Is this Suffolk's sexiest place to stay?

PUBLISHED: 11:54 23 May 2011 | UPDATED: 19:26 20 February 2013

Is this Suffolk's sexiest place to stay?

Is this Suffolk's sexiest place to stay?

Julie Holden may have found the perfect place for monkey business. It's a 13th century annexe on one of Hadleigh's finest old timbered houses

Julie Holden may have found the perfect place for monkey business. It's a 13th century annexe on one of Hadleigh's finest old timbered houses

Steven and Kathryn Jowett nearly choked on their coffee when grandpa phoned to say that their holiday let, The Old Monkey in Hadleigh, Suffolk, was listed in The Times as one of their top 60 sexiest places to stay in the UK.

Described as one of 18 love nests to rent it was featured as a romantic getaway for couples.

I thought yippee dippy! said Kathryn, we were pleased to have helped put Hadleigh on the map. They were also a bit bemused as sexy wasnt the description they had aimed for when they restored their 13th century annexe, the oldest wing of their 16th century timbered house.

Steven and Kathryn are no strangers to renovating old properties. Painstakingly they restored three old houses before they moved to Suffolk. In 1994 they were living in Colne Engaine, north Essex but their young family was growing and they needed more space.

They fell in love with Suffolk; it had an untouched quality that really appealed and they searched the breadth of the county. We were getting quite desperate, said Kathryn, we had sold our house and we had to move out in four weeks. The Old Monkey was a pub. It was for sale complete with bar, all the old pub furniture; even the dart board still had darts in it. We never believed we would end up with such a house, said Kathryn, but it felt meant to be.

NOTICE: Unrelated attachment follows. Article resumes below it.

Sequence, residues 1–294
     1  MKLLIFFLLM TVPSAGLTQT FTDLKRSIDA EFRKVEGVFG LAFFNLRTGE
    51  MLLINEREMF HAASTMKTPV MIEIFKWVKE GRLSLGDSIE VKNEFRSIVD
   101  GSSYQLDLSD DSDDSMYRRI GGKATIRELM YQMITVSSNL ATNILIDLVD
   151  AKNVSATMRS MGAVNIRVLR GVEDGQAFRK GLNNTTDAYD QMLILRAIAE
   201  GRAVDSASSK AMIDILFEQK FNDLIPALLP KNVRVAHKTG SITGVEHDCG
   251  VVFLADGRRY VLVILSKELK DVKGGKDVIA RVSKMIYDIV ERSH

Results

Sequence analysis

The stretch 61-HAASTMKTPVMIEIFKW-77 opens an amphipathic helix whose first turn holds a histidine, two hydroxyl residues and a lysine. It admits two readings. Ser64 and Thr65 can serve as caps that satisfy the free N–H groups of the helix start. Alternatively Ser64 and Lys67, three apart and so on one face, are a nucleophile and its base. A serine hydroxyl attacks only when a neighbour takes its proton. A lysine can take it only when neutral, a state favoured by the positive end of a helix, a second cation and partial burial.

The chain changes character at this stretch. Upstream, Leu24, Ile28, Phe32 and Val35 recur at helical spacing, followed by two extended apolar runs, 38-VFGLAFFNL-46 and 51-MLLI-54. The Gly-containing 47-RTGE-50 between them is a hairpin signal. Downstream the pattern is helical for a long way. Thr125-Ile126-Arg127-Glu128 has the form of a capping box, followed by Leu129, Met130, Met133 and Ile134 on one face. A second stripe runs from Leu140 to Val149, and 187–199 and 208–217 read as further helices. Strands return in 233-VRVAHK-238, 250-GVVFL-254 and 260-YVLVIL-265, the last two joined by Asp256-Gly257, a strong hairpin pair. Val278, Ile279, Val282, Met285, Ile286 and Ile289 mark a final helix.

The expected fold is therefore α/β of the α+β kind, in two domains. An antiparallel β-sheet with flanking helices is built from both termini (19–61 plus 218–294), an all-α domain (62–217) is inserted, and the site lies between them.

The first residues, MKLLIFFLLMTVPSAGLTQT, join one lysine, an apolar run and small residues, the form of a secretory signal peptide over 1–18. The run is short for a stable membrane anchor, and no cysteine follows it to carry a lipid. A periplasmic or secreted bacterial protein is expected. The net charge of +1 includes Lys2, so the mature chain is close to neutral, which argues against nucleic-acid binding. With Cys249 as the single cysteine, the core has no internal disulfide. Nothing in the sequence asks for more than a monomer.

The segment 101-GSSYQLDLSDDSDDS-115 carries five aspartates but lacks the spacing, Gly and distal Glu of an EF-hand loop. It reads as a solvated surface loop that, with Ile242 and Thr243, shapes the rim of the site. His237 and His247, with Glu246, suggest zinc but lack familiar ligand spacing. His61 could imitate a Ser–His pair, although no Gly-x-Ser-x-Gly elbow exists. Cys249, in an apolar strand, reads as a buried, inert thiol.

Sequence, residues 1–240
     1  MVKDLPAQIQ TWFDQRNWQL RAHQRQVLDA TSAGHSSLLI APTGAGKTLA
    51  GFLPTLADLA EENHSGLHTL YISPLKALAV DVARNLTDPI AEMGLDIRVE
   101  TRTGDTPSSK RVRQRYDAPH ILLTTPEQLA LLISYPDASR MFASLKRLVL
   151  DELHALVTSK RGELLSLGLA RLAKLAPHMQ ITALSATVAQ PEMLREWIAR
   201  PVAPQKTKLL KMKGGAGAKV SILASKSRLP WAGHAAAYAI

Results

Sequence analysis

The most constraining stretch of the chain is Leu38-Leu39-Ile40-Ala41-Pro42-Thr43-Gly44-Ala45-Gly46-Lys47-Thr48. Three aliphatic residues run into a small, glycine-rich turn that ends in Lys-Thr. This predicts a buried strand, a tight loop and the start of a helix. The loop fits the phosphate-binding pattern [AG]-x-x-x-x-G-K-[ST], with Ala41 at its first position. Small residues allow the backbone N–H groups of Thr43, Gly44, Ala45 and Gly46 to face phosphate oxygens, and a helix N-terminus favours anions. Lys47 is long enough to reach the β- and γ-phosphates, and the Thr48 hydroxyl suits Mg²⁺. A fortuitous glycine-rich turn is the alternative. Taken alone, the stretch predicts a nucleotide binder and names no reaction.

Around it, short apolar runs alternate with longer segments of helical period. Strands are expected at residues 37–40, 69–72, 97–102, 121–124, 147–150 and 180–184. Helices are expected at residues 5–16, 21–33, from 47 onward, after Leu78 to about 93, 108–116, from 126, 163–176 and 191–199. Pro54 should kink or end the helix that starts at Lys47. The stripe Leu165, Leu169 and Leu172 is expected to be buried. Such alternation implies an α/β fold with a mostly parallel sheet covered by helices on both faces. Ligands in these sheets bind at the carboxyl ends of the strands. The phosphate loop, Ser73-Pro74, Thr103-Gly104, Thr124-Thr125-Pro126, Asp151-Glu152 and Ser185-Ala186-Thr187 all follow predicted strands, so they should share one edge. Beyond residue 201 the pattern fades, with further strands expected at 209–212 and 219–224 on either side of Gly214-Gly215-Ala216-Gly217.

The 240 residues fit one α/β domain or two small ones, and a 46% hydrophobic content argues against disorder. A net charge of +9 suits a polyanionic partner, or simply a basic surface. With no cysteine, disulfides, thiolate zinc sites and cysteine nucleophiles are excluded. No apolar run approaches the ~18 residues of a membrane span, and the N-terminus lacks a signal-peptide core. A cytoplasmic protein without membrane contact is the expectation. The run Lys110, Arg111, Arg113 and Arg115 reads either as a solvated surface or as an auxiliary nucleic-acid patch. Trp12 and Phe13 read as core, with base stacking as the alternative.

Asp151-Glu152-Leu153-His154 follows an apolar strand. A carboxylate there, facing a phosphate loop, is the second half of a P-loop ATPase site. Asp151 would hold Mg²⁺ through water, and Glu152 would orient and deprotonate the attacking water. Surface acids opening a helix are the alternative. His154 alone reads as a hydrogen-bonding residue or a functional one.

They have been restoring the house for 17 years and have completed the vast majority of the work themselves. I have a very simple view, said Steven.

The men who built and repaired houses like these were men of the land who have come in from the fields. If they can do it, so can I. True, but a daunting prospect for most of us! All the pubs in Hadleigh have two names, explained Steven. The official name, in our case, The Kings Arms, and a nickname, The Old Monkey.

The story they heard was that many years ago a monkey was kept at the pub. It is also said that a travelling circus stayed and could not pay their bill so they left a bear which was kept in a barred, upstairs room (the iron bar was still across the doorway when they moved in). Steven and Kathryn wonder if they also left behind a monkey.

When they bought the pub, the annexe was the kitchen and lavatories. It was in a pretty derelict state and too dangerous to go upstairs.

There was hardboard over everything which was covered in thick, yellowing gloss paint and greasy purple tiles. They cleared it out, made it structurally safe, and the children used the downstairs as a games room. It was only three years ago, with their children, Henry and Martha, grown up and left home, that Steven and Kathryn decided to turn it into a holiday let.

The bedroom is a delight with a huge vaulted ceiling complete with wiggly beams and a window that looks out onto the changing sky.

Their first job was to clear it of all the useful reclaimed materials and furniture that Steven collects.

Katherine pulled down damp ceilings and plaster; everything was closed up and suffered from damp and insect invasion. Their most unusual find was a World War II American Browning revolver, wrapped in brown paper and thrown into the eaves.